Translating Addresses from an English Business Card into Korean

Business cards often list the company name twice; once in the logo and once in the address. 

On an English card, the second time above the address generally shows the way it should appear on the outside of an envelope for mailing. But Korean business cards don’t show an exact mailing address when the address is written in Korean this way. Even though the company name on a Korean address should appear after the mailing address, Korean business cards always show the company name before the address and set it apart from the address through some kind of formatting technique, such as a larger or bolded font or extra vertical space.

For example, my company name is included in my logo on my business card. If I want to also include it with the Korean address on an English business card, I’ll write it this way:

Korean Consulting & Translation Service, Inc.

#614, 6F Dongseo Core Bldg. 541-1

Gojan-Dong, Danweon-Gu, Ansan-Si, Gyeonggi-Do 425-713

In this case, it is OK to apply a distinct formatting to the company name or just leave it with the same typeface as the address.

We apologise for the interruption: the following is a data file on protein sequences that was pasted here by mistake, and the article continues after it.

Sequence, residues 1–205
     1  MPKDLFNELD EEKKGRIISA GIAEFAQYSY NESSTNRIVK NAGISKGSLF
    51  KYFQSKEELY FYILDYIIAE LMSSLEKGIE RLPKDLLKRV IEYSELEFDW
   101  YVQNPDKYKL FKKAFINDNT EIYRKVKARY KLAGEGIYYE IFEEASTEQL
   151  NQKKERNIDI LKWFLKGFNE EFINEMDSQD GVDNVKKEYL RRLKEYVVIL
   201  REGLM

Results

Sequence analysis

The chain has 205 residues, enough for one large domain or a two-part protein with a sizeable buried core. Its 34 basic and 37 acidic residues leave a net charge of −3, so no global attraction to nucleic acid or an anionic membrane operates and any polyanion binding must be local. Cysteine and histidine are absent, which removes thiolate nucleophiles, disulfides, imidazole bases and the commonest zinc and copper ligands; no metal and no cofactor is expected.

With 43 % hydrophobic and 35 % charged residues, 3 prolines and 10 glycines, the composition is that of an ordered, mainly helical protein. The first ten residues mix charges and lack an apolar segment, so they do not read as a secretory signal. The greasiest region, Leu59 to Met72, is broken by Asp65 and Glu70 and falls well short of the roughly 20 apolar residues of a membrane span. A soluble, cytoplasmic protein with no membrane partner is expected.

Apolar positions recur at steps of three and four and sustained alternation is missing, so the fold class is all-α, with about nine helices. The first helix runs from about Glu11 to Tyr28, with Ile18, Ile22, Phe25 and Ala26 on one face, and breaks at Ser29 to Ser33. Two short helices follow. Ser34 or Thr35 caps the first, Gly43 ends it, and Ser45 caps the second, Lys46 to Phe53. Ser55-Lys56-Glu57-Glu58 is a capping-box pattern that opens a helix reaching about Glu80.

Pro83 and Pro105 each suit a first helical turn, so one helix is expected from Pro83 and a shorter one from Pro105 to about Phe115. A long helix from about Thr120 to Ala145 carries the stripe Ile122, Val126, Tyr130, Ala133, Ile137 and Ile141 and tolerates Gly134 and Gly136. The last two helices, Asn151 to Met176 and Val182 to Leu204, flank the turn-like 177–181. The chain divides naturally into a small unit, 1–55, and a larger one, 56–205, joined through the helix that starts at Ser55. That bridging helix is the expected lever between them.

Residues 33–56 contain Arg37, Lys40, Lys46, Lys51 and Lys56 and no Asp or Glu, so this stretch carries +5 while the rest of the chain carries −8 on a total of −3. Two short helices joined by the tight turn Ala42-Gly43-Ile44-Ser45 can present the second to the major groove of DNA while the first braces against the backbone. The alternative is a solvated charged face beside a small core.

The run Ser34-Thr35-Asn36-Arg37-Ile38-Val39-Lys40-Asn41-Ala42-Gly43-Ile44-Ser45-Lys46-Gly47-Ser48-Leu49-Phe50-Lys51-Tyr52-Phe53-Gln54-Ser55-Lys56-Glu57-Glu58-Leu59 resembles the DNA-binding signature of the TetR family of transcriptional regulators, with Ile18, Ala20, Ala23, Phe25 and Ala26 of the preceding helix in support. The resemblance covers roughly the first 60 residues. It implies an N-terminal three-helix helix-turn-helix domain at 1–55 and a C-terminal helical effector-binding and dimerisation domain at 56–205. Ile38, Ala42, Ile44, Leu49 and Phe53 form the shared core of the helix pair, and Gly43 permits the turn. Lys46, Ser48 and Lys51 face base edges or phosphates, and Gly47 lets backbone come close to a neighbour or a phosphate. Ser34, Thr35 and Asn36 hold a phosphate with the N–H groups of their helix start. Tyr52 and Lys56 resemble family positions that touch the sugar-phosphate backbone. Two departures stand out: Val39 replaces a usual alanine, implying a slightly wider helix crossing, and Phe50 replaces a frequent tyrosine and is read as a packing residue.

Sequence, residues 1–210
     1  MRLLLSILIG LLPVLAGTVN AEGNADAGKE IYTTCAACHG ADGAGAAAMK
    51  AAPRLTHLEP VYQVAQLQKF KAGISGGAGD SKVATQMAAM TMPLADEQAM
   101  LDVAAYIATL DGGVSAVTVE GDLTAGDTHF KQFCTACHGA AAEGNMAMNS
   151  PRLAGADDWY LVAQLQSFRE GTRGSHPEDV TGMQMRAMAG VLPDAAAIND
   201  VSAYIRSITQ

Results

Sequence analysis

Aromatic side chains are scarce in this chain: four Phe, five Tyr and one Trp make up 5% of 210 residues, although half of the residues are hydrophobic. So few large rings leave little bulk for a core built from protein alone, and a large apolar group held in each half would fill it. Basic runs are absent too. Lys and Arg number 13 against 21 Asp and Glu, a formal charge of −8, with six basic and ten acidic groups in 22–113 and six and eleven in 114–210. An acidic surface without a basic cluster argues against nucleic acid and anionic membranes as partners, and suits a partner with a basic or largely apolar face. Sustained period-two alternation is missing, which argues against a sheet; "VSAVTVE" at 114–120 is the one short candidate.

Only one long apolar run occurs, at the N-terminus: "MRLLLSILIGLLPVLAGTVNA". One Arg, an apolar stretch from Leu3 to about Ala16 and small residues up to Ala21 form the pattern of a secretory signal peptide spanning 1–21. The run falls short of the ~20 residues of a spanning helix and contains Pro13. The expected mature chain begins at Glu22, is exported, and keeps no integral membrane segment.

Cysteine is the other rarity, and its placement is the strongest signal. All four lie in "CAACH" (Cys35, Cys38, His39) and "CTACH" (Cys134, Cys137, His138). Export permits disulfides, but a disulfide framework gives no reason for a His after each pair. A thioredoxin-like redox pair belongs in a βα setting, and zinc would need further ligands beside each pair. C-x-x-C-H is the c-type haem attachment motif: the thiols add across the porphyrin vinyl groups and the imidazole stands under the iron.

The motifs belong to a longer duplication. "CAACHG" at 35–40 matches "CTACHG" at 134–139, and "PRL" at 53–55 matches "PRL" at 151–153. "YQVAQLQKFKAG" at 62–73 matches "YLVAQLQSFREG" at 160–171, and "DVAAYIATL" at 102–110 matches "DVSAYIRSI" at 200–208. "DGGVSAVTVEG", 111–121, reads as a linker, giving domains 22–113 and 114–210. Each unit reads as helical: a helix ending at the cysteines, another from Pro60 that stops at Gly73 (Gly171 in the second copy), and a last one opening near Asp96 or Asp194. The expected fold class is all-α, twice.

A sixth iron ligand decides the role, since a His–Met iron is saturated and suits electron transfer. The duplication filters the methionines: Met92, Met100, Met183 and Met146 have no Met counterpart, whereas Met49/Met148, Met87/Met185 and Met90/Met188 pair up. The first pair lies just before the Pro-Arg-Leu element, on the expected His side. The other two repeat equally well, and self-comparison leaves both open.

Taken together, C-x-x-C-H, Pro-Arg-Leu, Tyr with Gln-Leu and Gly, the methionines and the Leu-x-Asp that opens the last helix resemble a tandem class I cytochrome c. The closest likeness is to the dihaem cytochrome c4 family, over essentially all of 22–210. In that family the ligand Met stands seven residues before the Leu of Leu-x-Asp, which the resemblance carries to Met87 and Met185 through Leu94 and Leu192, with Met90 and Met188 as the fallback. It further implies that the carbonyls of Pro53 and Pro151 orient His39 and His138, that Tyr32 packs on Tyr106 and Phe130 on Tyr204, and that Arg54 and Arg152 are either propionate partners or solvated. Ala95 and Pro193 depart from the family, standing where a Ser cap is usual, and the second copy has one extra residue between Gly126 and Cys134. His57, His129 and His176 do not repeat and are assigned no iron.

However, on a Korean business card, if I want to write the company name along with the address, I should still list it above the address, but I need to emphasize it somehow, such as like this:

Korean Consulting & Translation Service, Inc.

425-713 경기도 안산시 단원구 고잔동 541-1 

동서코아 6층 614호

To confuse things a bit more, keep in mind that Korean addresses written in English (mostly) follow the international standard for addresses, which is to start with a street number/name and then follow with neighborhood/neighborhood code (if applicable), city, province and postal code. But written in Korean, addresses begin with province and follow with city, neighborhood, street, and then finally postal code.

But how would we turn this address around for mailing when using a Korean address to send to a company name and/or person written in English? I went to the post office to clarify this issue and was told that, in this case, we should follow the Korean address form. Thus, to address a letter to me (even without changing my name or my company name to Korean script), it should be written as follows:

경기도 안산시 단원구 고잔동 541-1

동서코아 6층 614호 

Korean Consulting & Translation Service, Inc.

Steven S. Bammel


Note that the postal code goes on a line by itself indented at the end, and apparently the standard form does not involve writing (우) next to it, though this convention is commonly followed in Korea and it is fine to add it.

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